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secure de conjuratione loquebantur ab aliis auditi, a solis consciis Studia soli Carolo latebant, cujus maxime intererat intellecti. illa cognoscere, et licet omnia suspicionibus scaterent, ipse tamen solus nec in metum, nec in suspicion em induruerat; quo certius et ipsiusmet, et Regni a pernicie servati gloriam non ulli humanae industriae, sed Divinae Providentiae acceptum ferremus: quae ut eum contra publicos Hostes ab exilio revocatum in throno collocavit, ita eum contra occult as hostium insidias in eo servavit. Factiosi, ut non solum vi et impetu, sed et ratione et consilio valerent, ex Associationis, de qua supra, mente, rerum summam potestatem paucis ex eorum numero selectis commiserunt, quorum imperio cuncta gerebantur. Hi fuerant initio Monmothius, Essexius, Grayus, Russellus, Howardus Eskrickius, Algernonius Sydneus, et J oannes Hambdenus, sept em numero. Ceterum cum Howardus aliqua imprudenter efiutiisset, ex eorum albo deletus est. (725) FACTIOSORUM CONSILIA. Adhibiti data occasione Romzeius, Armestrongus, Fergusonus, et Shephardus. His prima deliberatio [J. 163J unde sumendum auspicium, a generali per Angliam et Scotiam Insurrectione eodem tempore, an a Caroli et Eboracensis nece? Et posterius placuit, quod aliud nimis arduum videretur. Deinde quaesitum, quid postea factu opus? An scilicet Monmuthius in Thronum elevandus ? an vero Richardus Cromwellus, Cromwelli Archirebellis et Tyranni filius, qui non majori suo quam fautorum ludibrio, Patri in Protectoratu successerat? Et cum uterque suas haberet fautores, res futuris consiliis decidenda relicta. Statuerunt unanimiter Annam, Eboracensis filiam virginem, alicui nobilitatis infimae intra regnum elocare, cujus liberi, si quos haberet, exterorum Principum jus ad coronam eliderent. Tum de vindicta sumenda actum: Joannem Morum, Praetura defunctum, ejusque successorem, Prichardum, una cum Vice Comitibus Londinensibus, extremo supplicio affici statuerunt, eorumque pelIes stramine fartas in Domo Civica suspendi, ad posterorum terrorem. Idem de J udicibus statutum, quorum pelles in Aula Westmonasteriensi, ubi jus dixerant, exponi voluerunt. (726) Simile fatum statutum Beaufortio, Hallifaxio, aliisque Regiis ministris, et universim omnibus Ecclesiae Protestanticae ministellis. Facinus caesi Regis Catholicis imbuendum censuerunt alii, ejusque horrore commota plebe Papistas omnes, etiam qui Larvati Papistae dicebantur erantque vere Protest antes, internecione del ere ; solus Fergusonus contendit Parricidii gloriam cum Papistis non dividendam, ob quod olim hariolabatur statuas Senatus Populi que Anglicani nomine Percussoribus ponendas, cum hac inscriptione: Patriae Liberatoribus.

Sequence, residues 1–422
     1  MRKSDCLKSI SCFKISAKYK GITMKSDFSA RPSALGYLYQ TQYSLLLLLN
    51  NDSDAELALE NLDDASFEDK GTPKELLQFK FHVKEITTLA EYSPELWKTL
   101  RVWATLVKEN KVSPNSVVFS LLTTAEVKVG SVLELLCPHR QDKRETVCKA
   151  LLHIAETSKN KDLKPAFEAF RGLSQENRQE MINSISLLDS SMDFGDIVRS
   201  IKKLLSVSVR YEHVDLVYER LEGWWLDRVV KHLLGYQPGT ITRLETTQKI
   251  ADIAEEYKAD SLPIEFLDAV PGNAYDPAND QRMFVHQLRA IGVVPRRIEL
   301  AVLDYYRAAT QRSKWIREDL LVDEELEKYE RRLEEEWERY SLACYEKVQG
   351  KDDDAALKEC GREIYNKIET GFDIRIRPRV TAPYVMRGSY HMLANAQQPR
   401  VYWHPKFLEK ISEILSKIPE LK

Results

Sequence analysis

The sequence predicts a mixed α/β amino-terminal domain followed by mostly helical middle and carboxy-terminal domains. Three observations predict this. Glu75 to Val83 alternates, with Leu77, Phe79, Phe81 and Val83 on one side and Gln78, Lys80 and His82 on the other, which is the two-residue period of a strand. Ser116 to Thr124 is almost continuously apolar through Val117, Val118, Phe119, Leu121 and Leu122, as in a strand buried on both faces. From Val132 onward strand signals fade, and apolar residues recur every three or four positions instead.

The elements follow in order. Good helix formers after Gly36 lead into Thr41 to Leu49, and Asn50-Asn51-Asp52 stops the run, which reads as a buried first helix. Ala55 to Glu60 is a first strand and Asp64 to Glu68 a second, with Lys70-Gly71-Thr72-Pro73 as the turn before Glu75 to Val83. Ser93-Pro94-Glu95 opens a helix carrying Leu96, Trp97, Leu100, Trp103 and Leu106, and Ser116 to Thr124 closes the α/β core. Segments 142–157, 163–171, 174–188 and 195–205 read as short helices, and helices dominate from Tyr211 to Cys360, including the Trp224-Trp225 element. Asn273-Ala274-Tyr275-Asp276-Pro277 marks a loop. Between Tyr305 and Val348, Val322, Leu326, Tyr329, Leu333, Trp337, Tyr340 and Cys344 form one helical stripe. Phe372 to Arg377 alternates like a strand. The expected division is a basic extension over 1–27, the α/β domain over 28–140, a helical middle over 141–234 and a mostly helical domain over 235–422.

*